Homeless alert issued amid `Stomper' fears
By Michele McPhee
Wednesday, August 17, 2005 - Updated: 02:26 AM EST
Outreach workers raced to coax homeless people to shelter yesterday amid growing fears that the vicious derelict known as ``The Stomper'' would strike again following his release from prison two weeks ago.
Meanwhile, the medical examiner's office is trying to determine what killed a homeless man whose body was found over the weekend outside St. Anthony's Shrine in downtown Boston.
``We have spent the entire day trying to get people in and off the streets,'' said one advocate, who asked not to be identified. ``All the outreach workers are on high alert now that (The Stomper) is out. We are worried about whatever violence is going on out there.''
The Stomper, as he is called by other homeless men at his haunts on the benches outside the Cambridge Street unemployment office in Government Center and on Arch Street in Downtown Crossing, has a long criminal history of beating and kicking his brethren during drunken rampages. Advocates said he has struck again in the weeks since he was set loose.
``We've had complaints that he has attacked people these last two weeks,'' the advocate said.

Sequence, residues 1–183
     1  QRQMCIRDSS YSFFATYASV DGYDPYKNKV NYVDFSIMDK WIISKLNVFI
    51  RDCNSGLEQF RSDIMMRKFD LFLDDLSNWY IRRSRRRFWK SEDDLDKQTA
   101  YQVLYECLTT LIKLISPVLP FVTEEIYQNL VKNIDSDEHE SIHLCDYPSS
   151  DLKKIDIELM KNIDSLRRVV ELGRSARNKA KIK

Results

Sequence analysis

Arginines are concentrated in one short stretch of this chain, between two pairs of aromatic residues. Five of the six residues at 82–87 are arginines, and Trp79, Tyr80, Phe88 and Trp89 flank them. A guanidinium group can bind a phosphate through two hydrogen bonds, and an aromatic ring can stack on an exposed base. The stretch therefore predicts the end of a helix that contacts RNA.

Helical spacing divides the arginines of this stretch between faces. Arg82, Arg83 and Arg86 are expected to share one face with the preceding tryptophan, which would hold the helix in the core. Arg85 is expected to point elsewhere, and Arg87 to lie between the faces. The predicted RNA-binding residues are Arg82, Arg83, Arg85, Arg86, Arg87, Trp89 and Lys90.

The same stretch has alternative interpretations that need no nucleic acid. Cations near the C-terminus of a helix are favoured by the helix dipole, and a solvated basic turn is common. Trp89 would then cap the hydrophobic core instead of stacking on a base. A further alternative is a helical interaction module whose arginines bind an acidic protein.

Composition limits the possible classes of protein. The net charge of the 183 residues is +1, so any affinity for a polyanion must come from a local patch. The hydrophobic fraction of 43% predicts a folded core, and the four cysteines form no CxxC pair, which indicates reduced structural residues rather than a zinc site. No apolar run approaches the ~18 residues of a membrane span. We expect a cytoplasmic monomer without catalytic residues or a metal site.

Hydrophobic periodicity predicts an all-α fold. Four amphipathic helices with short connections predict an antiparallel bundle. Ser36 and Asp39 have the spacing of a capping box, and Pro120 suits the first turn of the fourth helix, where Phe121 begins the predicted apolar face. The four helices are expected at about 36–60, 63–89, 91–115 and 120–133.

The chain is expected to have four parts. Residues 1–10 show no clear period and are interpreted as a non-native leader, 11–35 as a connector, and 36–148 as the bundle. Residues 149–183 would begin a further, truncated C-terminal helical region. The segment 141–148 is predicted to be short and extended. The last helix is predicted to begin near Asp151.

The Stomper's real name is Dennis Connolly. The 50-year-old vagrant was released from jail July 29, the same day he pleaded guilty to charges he kicked a fellow homeless man, Kenneth Kane, repeatedly in the head in an alley near the Ritz-Carlton Hotel.
Kane later died of his injuries. Connolly's sentence in Kane's assault was nine months' time served while awaiting trial in the case. The charges were never upgraded to homicide because an M.E. could not conclusively determine that Kane in fact died from Connolly's Oct. 22, 2004, thrashing.
Steven Neiber, the homeless man pronounced dead at New England Medical Center on Saturday morning, had been listed on a police report as a witness to Kane's beating. Police have not linked Neiber's death to Connolly.
Connolly has been linked to several stomping crimes. In February, prosecutors dismissed murder charges against him in connection with yet another stomping death – that of homeless man Owen Azzara, 47.
Azzara's brutalized body was found last August a few feet from the front door to WHDH-TV (Ch. 7) studios on Bulfinch Place. The case against Connolly fell apart after the key witness was deemed unreliable because he was seldom sober enough to testify, Suffolk County DA spokesman David Procopio said. Neiber did not testify in the Kane case because Connolly pleaded guilty to assault and battery charges before it went to trial.
If it bleeds, it leads.